Tuesday's announcement by the Mystery Writers of America that author Linda Fairstein had been named one of next year's Grand Master recipients sparked numerous protests on social media and prompted the MWA to respond by saying it took the responses seriously and would reexamine the decision. The focus of the protests is Fairstein's role as a member of the Manhattan District Attorney's Office in 1989's Central Park Jogger case, which resulted in the wrongful imprisonment for years of five minority teenagers.
Author Attica Locke was one of the first to condemn the idea of honoring Fairstein, tweeting (see the full thread here): "@EdgarAwards As a member and 2018 Edgar winner, I am begging you to reconsider having Linda Fairstein serve as a Grand Master in next year's awards ceremony. She is almost singlehandedly responsible for the wrongful incarceration of the Central Park Five./ For which she has never apologized or recanted her insistence on their guilt for the most heinous of crimes, 'guilt' based solely on evidence procured through violence and ill treatment of children in lock up..../ Just because she has a flourishing publishing career does not mean we should ignore her past--or her continued unwillingness to accept responsibility for ruining five innocent men's lives. I cannot support this decision. Surely, someone else is more worthy our attention, support, and this laudatory role in the 2019 @EdgarAwards."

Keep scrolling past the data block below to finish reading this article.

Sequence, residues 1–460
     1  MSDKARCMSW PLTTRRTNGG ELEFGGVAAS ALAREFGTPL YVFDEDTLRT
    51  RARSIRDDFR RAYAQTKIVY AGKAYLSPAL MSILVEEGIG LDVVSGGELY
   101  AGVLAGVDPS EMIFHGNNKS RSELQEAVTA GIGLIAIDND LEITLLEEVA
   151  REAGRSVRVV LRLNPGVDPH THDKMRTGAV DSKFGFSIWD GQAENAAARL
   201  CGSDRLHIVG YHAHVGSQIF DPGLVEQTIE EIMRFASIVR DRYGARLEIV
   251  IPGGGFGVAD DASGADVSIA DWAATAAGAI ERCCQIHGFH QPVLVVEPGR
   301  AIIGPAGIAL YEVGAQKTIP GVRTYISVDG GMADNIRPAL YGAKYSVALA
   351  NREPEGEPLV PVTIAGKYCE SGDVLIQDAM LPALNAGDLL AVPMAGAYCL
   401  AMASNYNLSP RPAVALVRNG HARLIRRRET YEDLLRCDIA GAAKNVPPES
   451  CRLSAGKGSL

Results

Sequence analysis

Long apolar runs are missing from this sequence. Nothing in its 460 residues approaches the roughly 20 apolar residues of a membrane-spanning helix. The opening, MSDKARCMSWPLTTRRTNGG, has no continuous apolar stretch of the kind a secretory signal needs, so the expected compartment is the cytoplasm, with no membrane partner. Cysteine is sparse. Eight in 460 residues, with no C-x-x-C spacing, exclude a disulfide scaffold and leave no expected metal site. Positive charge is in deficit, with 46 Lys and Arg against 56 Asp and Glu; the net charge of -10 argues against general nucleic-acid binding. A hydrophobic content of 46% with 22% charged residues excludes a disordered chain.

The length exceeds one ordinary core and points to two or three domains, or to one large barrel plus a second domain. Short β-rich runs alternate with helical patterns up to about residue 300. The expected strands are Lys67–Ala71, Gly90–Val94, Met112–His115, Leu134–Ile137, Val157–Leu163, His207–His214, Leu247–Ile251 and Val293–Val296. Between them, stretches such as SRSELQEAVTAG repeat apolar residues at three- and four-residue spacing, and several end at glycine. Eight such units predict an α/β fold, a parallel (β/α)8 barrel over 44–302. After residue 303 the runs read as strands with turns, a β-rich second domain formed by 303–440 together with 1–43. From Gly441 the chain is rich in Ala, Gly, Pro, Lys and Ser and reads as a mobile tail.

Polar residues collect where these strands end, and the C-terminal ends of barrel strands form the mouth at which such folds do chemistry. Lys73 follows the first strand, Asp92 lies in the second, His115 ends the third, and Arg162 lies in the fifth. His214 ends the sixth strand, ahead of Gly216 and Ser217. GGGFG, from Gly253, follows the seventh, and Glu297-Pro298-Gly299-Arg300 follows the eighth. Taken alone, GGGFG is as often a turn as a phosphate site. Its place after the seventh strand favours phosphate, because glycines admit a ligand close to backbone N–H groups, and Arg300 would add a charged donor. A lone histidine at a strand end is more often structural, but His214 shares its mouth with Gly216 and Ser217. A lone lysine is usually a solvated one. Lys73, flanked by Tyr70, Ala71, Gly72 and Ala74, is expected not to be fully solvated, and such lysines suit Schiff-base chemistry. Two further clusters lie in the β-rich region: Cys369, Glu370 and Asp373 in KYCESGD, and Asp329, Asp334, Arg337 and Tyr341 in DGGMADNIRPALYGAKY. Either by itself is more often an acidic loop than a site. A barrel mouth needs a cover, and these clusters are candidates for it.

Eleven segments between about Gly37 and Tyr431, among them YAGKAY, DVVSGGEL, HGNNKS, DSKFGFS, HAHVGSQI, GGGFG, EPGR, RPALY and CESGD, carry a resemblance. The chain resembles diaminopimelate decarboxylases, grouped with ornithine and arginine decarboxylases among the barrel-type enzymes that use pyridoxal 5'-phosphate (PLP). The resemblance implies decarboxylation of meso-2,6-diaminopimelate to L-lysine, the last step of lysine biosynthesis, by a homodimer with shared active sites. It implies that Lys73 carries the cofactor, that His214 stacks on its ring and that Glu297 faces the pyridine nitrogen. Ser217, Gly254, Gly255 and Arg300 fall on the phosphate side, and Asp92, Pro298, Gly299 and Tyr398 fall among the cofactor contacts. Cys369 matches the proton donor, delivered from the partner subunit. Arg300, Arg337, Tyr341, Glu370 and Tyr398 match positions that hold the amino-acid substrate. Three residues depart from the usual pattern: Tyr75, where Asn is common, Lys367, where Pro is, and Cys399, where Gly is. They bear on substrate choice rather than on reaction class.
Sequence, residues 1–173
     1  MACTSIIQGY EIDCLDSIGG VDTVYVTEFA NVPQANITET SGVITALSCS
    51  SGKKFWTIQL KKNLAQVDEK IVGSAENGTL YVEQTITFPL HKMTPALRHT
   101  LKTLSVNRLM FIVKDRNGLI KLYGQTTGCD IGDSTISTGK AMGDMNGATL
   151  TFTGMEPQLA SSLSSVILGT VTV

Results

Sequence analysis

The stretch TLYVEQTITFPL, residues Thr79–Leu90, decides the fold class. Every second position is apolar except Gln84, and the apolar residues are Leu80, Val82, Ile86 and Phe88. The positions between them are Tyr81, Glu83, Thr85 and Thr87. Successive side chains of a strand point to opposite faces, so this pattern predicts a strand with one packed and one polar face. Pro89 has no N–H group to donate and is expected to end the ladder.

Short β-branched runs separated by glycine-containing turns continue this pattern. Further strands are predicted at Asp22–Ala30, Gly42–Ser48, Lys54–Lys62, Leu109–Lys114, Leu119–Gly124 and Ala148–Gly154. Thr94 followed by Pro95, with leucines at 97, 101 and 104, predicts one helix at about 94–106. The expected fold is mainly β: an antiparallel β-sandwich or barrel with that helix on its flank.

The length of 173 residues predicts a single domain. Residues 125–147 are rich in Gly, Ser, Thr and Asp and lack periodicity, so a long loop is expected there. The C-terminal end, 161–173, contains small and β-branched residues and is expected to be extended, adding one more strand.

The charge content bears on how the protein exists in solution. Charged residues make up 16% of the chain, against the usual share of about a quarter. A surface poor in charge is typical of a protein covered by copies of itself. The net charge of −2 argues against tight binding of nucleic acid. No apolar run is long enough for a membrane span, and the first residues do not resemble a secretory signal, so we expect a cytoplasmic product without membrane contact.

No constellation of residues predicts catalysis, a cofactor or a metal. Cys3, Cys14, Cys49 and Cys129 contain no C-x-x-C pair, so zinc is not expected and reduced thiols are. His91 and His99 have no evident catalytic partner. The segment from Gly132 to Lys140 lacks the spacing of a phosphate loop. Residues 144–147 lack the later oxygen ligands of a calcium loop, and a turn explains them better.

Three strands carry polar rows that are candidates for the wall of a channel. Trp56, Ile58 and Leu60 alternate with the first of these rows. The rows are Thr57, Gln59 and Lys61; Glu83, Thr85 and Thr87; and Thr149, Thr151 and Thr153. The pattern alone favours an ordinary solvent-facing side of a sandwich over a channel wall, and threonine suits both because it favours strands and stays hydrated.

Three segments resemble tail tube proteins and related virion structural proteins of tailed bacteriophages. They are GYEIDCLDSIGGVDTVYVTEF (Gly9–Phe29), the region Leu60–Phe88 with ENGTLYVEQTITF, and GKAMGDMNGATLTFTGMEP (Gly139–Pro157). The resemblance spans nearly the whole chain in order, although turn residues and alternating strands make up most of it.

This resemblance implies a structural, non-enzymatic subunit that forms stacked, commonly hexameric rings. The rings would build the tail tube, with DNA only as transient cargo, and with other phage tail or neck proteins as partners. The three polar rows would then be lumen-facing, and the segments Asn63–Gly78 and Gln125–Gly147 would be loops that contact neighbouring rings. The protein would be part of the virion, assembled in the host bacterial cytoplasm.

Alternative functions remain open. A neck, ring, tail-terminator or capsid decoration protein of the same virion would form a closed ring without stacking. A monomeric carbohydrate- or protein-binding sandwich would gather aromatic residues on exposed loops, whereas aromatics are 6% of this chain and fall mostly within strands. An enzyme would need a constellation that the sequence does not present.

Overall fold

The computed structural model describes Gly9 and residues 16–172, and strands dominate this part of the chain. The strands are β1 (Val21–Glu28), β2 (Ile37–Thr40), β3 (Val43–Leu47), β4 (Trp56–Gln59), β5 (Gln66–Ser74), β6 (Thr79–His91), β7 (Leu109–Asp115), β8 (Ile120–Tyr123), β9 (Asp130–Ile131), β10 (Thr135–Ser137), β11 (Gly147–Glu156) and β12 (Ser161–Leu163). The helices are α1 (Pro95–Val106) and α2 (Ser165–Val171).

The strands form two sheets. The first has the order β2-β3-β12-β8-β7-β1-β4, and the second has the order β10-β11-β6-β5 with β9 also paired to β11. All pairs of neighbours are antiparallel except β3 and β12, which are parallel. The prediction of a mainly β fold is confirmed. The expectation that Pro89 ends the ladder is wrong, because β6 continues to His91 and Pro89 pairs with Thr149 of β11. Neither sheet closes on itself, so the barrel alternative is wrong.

The MWA issued a brief statement in response: "We are taking seriously the issues raised by Attica Locke. Our Board is going to discuss these concerns as soon as possible and make a further statement soon."
Novelist, editor and attorney Steph Cha, an MWA member since 2013, wrote in the Los Angeles Times that the organization "is now in a tough spot. Many crime writers have already called for the revocation of Fairstein's award. Meanwhile, Fairstein is sparring with Locke on Twitter, and I doubt she or her supporters would be happy to see the organization cave to the pressure. While the mystery writing community has changed somewhat over the last few years, it has long been embarrassingly white and, if not outright conservative, less than progressive in its collective values (hello hero cops and beautiful dead girls). Fairstein has made a name for herself writing legal thrillers about a sex crimes prosecutor who serves justice and saves the day. She's made enormous profits with these stories, and has been astoundingly successful in shaping her own narrative and retaining the respect of her community.
"Whatever Mystery Writers of America decides--and let's remember that the loss of a reward is not comparable to the loss of freedom--this debacle will show our divisions. Fairstein's actions can no longer fly under the radar. We all have to deal with her now."